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GLOBAL SURFACE TEMPERATURE CHANGE
[1] We update the Goddard Institute for Space Studies (GISS) analysis of global surface temperature change, compare alternative analyses, and address questions about perception and reality of globalExpand
Global temperature change
TLDR
Comparison of measured sea surface temperatures in the Western Pacific with paleoclimate data suggests that this critical ocean region is approximately as warm now as at the Holocene maximum and within ≈1°C of the maximum temperature of the past million years. Expand
Radiative forcing and climate response
We examine the sensitivity of a climate model to a wide range of radiative forcings, including changes of solar irradiance, atmospheric CO2, O3, CFCs, clouds, aerosols, surface albedo, and a “ghost”Expand
Stratospheric aerosol optical depths, 1850–1990
A global stratospheric aerosol database employed for climate simulations is described. For the period 1883-1990, aerosol optical depths are estimated from optical extinction data, whose qualityExpand
GISS analysis of surface temperature change
We describe the current GISS analysis of surface temperature change for the period 1880-1999 based primarily on meteorological station measurements. The global surface temperature in 1998 was theExpand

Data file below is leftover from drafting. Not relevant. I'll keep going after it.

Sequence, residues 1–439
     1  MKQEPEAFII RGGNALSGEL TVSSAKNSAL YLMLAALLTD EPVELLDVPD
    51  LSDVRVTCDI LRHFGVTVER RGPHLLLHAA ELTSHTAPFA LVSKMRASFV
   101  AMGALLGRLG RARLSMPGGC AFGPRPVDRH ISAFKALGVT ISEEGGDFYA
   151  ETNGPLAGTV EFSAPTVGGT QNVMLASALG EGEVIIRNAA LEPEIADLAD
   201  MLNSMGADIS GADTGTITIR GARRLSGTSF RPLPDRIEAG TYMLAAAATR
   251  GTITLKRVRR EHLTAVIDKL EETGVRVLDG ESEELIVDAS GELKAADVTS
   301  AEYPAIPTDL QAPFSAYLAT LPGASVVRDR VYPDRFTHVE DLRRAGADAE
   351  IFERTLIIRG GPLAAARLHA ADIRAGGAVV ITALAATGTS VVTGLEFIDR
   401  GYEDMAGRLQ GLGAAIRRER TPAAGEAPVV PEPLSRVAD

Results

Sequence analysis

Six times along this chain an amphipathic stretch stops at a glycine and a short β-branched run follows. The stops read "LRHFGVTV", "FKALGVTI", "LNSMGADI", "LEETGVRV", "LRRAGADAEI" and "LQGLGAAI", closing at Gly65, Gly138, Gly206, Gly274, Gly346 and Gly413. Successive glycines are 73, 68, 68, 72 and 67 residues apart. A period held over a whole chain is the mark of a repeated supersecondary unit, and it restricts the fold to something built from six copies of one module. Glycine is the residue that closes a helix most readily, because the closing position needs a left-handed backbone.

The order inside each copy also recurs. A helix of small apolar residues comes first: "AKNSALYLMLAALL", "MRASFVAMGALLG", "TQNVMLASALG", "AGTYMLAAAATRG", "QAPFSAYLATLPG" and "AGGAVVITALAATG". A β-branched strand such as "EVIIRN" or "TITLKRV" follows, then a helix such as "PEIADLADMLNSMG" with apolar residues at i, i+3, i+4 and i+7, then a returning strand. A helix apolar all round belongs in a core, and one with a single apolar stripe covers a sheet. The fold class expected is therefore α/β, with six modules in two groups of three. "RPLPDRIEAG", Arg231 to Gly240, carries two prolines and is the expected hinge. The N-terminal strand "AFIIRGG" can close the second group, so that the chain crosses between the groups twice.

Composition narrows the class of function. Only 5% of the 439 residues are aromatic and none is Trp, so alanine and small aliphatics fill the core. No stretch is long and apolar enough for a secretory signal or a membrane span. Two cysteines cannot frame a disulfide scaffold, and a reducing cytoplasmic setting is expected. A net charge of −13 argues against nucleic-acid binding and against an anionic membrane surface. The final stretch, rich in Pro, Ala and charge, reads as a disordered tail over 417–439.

Perception of climate change
TLDR
It follows that it can be state, with a high degree of confidence, that extreme anomalies such as those in Texas and Oklahoma in 2011 and Moscow in 2010 were a consequence of global warming because their likelihood in the absence ofglobal warming was exceedingly small. Expand
Efficacy of climate forcings
[1] We use a global climate model to compare the effectiveness of many climate forcing agents for producing climate change. We find a substantial range in the “efficacy” of different forcings, whereExpand
A closer look at United States and global surface temperature change
We compare the United States and global surface air temperature changes of the past century using the current Goddard Institute for Space Studies (GISS) analysis and the U.S. Historical ClimatologyExpand
Earth's energy imbalance and implications
Abstract. Improving observations of ocean heat content show that Earth is absorbing more energy from the Sun than it is radiating to space as heat, even during the recent solar minimum. The inferredExpand
Earth's Energy Imbalance: Confirmation and Implications
TLDR
It is calculated that Earth is now absorbing 0.85 ± 0.15 watts per square meter more energy from the Sun than it is emitting to space, confirmed by precise measurements of increasing ocean heat content over the past 10 years. Expand
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